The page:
Apparently there’s a lot of ‘buzz’ surrounding this book. This makes me instantly suspicious. The literary press, like so many January Sale shoppers, have been falling over themselves to claim that they saw it first; Emma Donoghue (Irish born, Cambridge Educated, Canadian living) is even rumoured to have been paid an advance of quarter-of-a-million pounds for it – an almost unheard of amount of money for a writer who has enjoyed only moderate success. With so much fuss surrounding a brand-new novel by a (relatively) obscure writer, I just had to read it for myself – if only to sate my curiosity.
Here’s the blurb:
Jack is five years old. He’s spent his entire life locked inside a small room with his mother; he’s never been outside, he doesn’t even know that there is an outside. Maybe there isn’t. Jack’s universe is the room he lives in and the few objects inside it.
Intriguing stuff – one glimpse at this short synopsis filled me with a thousand questions, and the philosopher within me got very excited – he only seldom comes out to play. However, I soon found that the most pressing question – what is going on? – is answered within the first few pages: it turns out that Room isn’t the highly abstract, experimental novel I thought it was going to be. Jack’s mum has been kidnapped and raped, held in captivity for seven years and given birth to a son in the process. I entered Room expecting Plato’s cave; what I found was Fritzl’s basement.
But once I’d gotten over this initial disappointment, I began to realise that the two aren’t so dissimilar. Superficially, Room is the story of a woman who’s taken from the street, raped, and has a child she is forced to bring up in captivity. But even the most meagre scratch through the surface of this narrative will expose a whole array of philosophical themes flowing through the novel, surging like a restless underground river: sensory deprivation, the development of language, notions of ‘society’, isolation, grief and sociopathy are just a few of the ‘big issues’ tackled by Room. And it tackles them well. Its subject matter makes Room a disturbing book, but I want you to dispel any pre-conceived notions of what a misery memoir or novel of abuse is like; this is not one of those books.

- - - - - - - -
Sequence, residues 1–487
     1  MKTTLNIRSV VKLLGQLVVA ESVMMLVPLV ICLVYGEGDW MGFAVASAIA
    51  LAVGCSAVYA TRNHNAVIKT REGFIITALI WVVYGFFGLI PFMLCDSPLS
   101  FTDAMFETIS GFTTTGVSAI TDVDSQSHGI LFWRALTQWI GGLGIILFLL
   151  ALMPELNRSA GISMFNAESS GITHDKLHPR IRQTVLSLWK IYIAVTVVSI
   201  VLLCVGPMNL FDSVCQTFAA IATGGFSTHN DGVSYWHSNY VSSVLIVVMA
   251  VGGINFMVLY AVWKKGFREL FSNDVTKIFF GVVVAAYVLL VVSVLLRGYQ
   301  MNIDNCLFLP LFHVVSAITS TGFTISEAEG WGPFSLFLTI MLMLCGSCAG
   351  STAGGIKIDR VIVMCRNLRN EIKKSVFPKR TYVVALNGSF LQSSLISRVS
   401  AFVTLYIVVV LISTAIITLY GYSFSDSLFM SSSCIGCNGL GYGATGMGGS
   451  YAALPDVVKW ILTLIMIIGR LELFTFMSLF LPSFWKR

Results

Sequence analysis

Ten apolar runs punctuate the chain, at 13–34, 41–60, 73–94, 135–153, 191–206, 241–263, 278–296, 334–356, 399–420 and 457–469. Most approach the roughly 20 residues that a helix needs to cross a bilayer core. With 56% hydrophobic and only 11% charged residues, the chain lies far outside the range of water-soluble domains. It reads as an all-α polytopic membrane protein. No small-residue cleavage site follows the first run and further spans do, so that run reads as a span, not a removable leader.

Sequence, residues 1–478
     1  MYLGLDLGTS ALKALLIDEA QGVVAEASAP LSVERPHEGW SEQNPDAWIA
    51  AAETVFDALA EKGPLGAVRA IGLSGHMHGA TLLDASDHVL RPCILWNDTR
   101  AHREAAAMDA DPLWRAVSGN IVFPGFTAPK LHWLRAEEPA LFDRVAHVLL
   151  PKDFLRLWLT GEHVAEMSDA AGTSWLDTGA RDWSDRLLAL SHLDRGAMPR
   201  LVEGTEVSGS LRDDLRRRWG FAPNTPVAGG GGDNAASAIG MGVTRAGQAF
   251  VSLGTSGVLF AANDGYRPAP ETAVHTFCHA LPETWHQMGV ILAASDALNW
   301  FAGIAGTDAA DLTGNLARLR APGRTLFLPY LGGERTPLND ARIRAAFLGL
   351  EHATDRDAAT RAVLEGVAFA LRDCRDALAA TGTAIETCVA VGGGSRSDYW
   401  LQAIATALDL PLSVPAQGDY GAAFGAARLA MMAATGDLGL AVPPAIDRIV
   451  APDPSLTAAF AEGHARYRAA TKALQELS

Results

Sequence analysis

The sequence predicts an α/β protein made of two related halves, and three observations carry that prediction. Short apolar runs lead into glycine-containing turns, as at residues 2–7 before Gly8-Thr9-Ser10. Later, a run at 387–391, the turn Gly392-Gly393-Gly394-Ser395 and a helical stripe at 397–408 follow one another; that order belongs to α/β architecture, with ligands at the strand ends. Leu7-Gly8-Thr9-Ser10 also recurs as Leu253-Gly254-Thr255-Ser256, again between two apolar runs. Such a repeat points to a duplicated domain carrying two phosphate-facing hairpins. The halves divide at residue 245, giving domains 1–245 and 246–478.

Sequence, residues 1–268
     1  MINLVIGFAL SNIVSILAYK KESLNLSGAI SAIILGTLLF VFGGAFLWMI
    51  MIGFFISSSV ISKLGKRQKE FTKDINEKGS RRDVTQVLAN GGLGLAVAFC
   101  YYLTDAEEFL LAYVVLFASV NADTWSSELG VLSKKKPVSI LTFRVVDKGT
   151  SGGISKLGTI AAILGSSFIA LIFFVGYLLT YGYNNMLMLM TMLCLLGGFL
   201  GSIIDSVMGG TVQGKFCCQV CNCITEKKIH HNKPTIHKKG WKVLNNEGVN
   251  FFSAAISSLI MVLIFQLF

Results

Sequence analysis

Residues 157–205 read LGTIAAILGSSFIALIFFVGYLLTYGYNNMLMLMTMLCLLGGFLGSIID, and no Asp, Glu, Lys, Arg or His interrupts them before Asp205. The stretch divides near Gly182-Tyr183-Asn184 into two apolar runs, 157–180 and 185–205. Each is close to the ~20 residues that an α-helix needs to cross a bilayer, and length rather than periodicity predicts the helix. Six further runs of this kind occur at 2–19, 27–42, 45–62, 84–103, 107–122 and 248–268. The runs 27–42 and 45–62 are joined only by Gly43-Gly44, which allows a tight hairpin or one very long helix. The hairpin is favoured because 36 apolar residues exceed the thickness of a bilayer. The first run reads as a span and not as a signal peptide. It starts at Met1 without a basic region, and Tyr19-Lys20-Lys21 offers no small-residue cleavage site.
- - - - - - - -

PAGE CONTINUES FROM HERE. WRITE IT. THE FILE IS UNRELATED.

The entire novel is narrated by five-year-old Jack in the first-person singular present tense. He has no notion of anything outside of the room in which he was born; there are no windows and he is pushed inside a wardrobe by his mother whenever their captor brings food. His friends are Dora the Explorer and Lady Gaga – but they ‘are TV’ and don’t talk to him. At this point it would be tempting to make some crass comparison between the shadows on the wall of Plato’s cave and images displayed by modern television; but to draw such an association would be a bit twee.
As Jack’s life experience is so limited, so is his use of language. Emma Donoghue has, very clearly, put a great deal of research and effort into Jack’s characterisation – and I readily admit that Jack is one of the most original voices in fiction that I’ve ever come across.
Jack has no concept of multiplicity, or that anything exists beyond his day-to-day experience in the room. As such he employs no grammatical articles when he speaks; there is not a bed or the bed, simply ‘bed’. Nothing is an indefinite or definite article – for Jack, the abstract of any given noun is, essentially, its entire identity. He converts concrete nouns into proper nouns; if you want to be dainty about it.
I sit on Chair, and I look at Kit on Shelf near Bed. Next to Bed is Rug and Table.
I defy even the most stone-hearted reader not to feel the deepest sympathy for Jack and his plight. His mother enforces a routine on their lives which includes the daily scream for help – which Jack thinks is just a game.
Jack’s mother reads to him – a lot. The only novel he knows is Alice in Wonderland and Jack uses his word-perfect knowledge of this book to describe the world around him. Everything he encounters has a parallel with Alice in Wonderland, and his unique living conditions means that Jack can draw some highly original readings out of his favourite book.